Simply, no. But... One could easily imagine the word ravenous, meaning 'voracious, very hungry', originating from the word raven. Particularly, if you have ever watched raven nestlings eat. They need to eat every couple of hours and not just snacks either. Bernd Heinrich in the Mind of the Raven gives us a snippet of exactly how much these young birds can consume. Here is a sample 4 day diet for (6) five-week old nestlings he was caring for: Day One: One woodchuck and one snowshoe hare (roadkills that [he] froze and then chopped up---skin, bones, guts, and all---into bite-sized chunks and thawed before feeding). Day Two: Three red squirrels, one chipmunk, six frogs, eight chicken eggs (crunched up shells and all). Day Three: Two gray squirrels, five frogs, six eggs, six mice. Day Four: One hindquarter of a Holstein calf. Picture this food in relation to these birds---raven fledglings---around half a foot long. THAT IS A LOT OF FOOD for their size. However, the correlation between the word ravenous and raven is simply happenstance. While ravens do happen to be very hungry, the word raven or 'ravin' is of Germanic descent appearing around 800 AD. The raven’s name comes from the Germanic root 'khraben' which is thought to have arisen as an imitation of the harsh, grating call of the raven itself.1 On the other hand the word ravenous is of Latin descent originally.2 This can be a bit confusing so let me try to keep the lifeline of this word simplified.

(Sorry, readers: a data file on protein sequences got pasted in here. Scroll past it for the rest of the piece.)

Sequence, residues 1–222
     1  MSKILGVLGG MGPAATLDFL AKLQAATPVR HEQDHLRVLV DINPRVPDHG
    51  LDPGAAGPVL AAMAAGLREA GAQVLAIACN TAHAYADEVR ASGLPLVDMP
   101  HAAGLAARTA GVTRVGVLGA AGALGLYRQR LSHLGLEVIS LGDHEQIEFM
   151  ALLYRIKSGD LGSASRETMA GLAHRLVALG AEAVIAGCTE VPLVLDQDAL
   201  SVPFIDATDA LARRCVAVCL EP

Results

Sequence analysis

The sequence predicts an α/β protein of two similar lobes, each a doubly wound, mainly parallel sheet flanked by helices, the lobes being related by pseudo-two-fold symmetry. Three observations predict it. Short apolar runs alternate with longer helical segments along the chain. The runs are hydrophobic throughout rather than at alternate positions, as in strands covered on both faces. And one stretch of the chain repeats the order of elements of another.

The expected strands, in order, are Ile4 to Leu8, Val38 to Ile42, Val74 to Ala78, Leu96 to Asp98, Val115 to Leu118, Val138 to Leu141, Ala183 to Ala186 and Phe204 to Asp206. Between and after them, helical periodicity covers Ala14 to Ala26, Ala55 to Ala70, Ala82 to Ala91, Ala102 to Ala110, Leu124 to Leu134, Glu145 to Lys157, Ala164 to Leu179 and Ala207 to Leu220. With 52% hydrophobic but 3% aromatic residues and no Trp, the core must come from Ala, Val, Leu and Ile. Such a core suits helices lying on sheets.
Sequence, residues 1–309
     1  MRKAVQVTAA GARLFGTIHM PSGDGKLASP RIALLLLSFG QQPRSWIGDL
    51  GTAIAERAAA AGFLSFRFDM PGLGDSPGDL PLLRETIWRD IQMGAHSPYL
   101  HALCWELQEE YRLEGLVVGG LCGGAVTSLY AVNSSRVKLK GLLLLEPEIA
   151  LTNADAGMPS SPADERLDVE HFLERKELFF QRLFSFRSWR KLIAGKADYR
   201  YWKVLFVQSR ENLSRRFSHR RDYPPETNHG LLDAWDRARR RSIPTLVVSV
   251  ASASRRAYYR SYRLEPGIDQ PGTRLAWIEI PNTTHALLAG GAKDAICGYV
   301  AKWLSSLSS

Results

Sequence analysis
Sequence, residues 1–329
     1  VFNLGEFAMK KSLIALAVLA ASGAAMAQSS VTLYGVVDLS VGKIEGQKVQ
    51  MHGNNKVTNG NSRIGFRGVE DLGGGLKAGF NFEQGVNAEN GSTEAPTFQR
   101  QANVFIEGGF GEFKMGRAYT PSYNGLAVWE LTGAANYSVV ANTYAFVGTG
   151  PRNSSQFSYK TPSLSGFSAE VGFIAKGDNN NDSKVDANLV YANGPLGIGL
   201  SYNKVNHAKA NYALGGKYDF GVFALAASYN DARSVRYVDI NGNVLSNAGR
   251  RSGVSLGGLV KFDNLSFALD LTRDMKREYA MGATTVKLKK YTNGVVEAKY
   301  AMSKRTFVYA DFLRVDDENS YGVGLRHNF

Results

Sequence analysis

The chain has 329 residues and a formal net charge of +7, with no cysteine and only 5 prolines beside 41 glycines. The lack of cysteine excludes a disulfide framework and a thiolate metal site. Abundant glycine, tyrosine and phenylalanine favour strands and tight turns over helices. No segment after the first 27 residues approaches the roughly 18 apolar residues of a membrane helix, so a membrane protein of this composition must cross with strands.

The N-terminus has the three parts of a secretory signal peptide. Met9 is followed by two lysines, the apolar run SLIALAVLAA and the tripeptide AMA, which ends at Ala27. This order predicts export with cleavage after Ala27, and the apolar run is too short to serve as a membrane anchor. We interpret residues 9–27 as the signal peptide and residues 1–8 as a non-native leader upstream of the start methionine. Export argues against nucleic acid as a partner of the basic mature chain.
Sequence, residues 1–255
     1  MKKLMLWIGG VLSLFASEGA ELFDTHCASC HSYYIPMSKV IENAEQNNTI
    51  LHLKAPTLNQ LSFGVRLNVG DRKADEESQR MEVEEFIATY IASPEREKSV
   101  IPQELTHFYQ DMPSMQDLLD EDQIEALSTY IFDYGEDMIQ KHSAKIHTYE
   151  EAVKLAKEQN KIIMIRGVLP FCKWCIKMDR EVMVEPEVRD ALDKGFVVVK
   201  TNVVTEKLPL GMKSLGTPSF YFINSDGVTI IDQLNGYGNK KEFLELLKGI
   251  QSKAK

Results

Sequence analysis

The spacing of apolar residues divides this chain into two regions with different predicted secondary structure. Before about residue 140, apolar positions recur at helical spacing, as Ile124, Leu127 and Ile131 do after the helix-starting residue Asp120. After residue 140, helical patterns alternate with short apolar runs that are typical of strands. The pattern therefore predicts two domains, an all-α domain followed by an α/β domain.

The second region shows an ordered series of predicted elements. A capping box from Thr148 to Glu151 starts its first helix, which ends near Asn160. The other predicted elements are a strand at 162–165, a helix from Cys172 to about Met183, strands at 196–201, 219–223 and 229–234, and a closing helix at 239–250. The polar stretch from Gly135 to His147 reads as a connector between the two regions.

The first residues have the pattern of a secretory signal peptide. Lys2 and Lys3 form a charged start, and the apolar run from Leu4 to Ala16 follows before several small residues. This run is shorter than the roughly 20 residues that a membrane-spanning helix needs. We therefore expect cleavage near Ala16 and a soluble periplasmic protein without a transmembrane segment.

- ‘Ravenous’ is derived from the Old French word ‘ravineux’ (original meaning: 'violent rush, robbery').
- ‘Ravineux’ is derived from the Old French word ‘raviner’.
- ‘Raviner’ is derived from the Latin word ‘rapinare’.
- ‘Rapinare’ is derived from ‘rapina’ (original meaning: robbery, plunder, booty).
- ‘Rapina’ is derived from the Classical Latin word ‘rapere’ (original meaning: drag off; snatch; destroy).
- ‘Rapere’ is derived from the Proto-Indo-European root I ‘*rep-‘